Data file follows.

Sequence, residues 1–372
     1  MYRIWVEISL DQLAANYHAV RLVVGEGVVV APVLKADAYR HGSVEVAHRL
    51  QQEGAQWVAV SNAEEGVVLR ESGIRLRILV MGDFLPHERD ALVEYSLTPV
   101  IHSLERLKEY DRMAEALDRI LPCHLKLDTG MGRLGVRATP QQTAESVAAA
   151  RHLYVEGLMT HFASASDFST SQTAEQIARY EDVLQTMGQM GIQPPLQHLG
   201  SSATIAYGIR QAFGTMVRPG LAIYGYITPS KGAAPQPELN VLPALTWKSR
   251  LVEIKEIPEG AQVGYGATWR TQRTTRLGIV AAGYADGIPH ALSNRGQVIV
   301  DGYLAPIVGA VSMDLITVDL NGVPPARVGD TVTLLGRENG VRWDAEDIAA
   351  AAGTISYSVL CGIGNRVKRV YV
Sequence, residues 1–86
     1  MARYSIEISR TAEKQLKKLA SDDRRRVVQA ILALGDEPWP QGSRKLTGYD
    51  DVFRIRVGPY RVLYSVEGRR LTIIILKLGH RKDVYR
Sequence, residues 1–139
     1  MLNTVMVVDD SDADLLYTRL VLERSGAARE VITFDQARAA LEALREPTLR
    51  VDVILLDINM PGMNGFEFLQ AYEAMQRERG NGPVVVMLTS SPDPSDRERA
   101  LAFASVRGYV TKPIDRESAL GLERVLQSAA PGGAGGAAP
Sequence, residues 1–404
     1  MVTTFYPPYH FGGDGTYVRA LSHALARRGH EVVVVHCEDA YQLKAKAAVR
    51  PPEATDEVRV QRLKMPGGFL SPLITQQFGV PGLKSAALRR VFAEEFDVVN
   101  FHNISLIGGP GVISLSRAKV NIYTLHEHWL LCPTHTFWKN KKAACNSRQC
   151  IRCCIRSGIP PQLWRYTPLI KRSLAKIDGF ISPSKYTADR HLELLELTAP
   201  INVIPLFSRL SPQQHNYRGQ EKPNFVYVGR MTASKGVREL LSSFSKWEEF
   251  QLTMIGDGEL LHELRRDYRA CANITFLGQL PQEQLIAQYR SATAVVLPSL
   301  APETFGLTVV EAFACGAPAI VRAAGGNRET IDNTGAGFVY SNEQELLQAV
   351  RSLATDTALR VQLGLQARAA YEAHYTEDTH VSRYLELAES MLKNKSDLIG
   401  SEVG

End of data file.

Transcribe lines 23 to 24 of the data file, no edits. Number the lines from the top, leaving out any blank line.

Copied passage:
   251  QLTMIGDGEL LHELRRDYRA CANITFLGQL PQEQLIAQYR SATAVVLPSL
   301  APETFGLTVV EAFACGAPAI VRAAGGNRET IDNTGAGFVY SNEQELLQAV